The area around the Cours Saleya is known as old NICE, where the streets are narrow and winding. It's filled with shops, restaurants, people, lots of tourists, but it gives the sense of what it was like before the city got popular with the English at the beginning of the last century. The signs are in French and the old Nicoise language. We enjoy walking around in this area. At one bakery, we bought Tourte de Blette, a NICE specialty. It's made with blette (we have no idea what vegetable that is, but it's green and we had it in cream sauce with dinner one night) which is the sweet filling between two cookie like parts, dusted with powdered sugar. Yummy. You can also get socca, which is a crisp bread made with chick pea flour. In contrast to the old city, there are many different kinds of newer architecture and wide streetsl. Along the Quai d'Anglais, Chuck spotted these two houses. What a contrast they are to each other, as well as the veille ville of NICE!
Sunday, November 19, 2006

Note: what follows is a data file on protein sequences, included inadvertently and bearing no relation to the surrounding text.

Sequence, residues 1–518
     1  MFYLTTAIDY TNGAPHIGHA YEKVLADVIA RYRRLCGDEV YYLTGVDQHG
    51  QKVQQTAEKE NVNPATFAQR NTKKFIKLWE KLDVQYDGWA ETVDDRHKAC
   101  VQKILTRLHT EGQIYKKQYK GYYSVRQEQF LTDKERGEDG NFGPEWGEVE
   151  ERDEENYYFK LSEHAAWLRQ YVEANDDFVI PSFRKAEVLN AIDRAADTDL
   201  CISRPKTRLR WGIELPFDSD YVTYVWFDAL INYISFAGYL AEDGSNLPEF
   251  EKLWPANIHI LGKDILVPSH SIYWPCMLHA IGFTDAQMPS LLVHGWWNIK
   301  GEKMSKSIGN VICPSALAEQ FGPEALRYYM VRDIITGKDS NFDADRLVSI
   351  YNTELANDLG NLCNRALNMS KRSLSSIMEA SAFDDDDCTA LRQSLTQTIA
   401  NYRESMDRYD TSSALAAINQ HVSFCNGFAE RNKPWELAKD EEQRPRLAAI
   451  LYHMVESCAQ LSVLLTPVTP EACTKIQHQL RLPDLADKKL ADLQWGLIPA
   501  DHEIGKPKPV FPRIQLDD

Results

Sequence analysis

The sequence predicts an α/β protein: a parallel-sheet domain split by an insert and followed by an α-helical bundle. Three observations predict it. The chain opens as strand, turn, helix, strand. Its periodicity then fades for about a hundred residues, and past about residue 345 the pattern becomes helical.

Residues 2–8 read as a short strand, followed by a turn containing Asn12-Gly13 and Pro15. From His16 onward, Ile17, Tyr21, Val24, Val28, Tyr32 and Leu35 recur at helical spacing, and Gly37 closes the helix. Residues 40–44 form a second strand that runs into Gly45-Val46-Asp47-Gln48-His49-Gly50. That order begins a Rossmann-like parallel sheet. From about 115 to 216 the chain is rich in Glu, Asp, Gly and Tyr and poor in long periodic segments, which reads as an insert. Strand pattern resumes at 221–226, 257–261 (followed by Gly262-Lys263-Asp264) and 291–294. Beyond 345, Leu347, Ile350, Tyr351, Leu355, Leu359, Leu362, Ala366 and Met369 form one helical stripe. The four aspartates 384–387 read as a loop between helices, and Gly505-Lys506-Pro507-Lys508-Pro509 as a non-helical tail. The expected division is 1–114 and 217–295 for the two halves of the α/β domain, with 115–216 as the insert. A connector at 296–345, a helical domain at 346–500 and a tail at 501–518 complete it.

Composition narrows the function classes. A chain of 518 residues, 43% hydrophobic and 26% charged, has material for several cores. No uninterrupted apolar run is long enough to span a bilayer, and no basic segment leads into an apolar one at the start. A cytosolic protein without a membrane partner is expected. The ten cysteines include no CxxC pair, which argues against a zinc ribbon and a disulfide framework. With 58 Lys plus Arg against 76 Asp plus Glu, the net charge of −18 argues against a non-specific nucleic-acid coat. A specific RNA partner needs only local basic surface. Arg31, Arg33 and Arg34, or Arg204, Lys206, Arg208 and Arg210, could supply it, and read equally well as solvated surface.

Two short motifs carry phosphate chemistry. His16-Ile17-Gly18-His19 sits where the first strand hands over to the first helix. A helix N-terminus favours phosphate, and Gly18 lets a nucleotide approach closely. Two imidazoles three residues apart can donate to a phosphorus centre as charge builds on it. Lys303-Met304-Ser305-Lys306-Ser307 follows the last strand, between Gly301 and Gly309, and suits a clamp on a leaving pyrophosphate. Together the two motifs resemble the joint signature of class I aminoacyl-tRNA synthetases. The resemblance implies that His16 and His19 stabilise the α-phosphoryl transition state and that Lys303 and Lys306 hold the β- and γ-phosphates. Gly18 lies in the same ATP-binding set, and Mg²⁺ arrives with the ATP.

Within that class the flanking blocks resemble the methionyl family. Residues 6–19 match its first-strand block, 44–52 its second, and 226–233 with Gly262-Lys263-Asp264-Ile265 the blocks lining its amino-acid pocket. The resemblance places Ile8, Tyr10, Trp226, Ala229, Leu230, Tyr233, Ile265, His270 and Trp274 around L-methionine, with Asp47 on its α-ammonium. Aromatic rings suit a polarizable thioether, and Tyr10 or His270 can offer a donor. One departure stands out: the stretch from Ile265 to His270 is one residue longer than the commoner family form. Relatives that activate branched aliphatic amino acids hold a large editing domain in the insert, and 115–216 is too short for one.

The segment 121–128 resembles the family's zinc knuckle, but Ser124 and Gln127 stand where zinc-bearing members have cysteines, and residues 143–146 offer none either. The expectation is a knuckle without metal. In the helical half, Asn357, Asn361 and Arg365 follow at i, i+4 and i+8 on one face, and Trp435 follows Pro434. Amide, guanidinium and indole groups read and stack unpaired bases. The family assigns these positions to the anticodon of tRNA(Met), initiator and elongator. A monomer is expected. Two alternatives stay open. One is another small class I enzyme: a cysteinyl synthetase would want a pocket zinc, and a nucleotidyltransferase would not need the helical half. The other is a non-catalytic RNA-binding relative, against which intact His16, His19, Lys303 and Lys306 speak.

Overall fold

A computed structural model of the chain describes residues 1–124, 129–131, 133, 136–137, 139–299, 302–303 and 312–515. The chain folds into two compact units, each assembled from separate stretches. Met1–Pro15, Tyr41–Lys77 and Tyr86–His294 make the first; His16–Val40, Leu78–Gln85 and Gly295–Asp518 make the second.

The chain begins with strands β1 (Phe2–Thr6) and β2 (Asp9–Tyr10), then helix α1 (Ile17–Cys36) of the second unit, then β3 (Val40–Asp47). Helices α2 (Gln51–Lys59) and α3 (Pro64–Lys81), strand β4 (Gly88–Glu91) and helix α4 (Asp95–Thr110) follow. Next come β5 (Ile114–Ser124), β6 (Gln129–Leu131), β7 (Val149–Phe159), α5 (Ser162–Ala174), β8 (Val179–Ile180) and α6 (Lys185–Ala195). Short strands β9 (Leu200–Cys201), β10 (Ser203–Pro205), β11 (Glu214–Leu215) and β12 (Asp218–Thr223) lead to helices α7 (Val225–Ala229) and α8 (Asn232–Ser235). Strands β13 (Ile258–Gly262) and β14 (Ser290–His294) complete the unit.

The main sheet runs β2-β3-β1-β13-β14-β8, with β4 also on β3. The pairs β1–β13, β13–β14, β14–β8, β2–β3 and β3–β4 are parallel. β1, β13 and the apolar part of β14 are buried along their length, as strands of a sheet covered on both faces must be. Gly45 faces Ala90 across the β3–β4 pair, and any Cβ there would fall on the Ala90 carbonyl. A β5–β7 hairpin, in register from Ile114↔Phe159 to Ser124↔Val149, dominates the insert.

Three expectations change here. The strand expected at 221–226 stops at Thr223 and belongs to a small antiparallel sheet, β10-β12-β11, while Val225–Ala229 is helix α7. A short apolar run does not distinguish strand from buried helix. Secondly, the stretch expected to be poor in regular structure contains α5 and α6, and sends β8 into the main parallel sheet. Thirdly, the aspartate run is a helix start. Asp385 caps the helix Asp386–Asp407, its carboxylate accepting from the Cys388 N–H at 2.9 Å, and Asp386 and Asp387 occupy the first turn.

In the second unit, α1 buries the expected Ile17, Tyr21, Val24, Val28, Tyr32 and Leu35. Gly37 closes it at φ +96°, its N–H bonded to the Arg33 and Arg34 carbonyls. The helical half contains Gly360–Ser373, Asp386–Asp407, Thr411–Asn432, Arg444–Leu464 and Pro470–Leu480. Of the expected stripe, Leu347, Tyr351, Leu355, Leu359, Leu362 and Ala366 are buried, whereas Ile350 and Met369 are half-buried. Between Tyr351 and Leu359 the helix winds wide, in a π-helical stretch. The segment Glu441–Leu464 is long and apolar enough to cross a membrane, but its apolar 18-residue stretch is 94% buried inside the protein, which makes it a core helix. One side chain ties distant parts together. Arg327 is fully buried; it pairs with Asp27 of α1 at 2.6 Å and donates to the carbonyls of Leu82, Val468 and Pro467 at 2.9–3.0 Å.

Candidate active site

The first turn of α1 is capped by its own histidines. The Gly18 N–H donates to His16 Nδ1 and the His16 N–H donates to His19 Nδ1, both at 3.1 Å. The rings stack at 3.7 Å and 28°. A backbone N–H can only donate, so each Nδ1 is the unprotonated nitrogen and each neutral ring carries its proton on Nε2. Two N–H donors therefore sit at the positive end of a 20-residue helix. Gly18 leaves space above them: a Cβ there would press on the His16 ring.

Notice how sunny it is? We loved having the warm sunny weather of NICE. It was beginning to get grayer and chilly in Paris so we were ready for this, though our friends told us that it'd been cool there, also. Meaning, we came at the right time. If our friends hadn't warned us about the street being torn up, we'd have been very shocked. NICE is working on a Tram system and the main street has been a worksite, a chantier, for three years, with at least one more to go. Many businesses have closed, making the area look very bad, not to mention, bad for the economy. When it's finished, we want to go back because the plans, which we saw at the architectural center by the Cours Saleya, look wonderful. The Cours Saleya is where the Monday flea market is held. Chuck really enjoys going through this and always finds some little treasures. I like to sit up on the steps and look over it. At the far end, the building facing me, with the hill behind it, is where Matisse lived and painted before he moved up to Cimiez. Over the wall is the boardwalk and the beautiful blue Mediterranean Sea.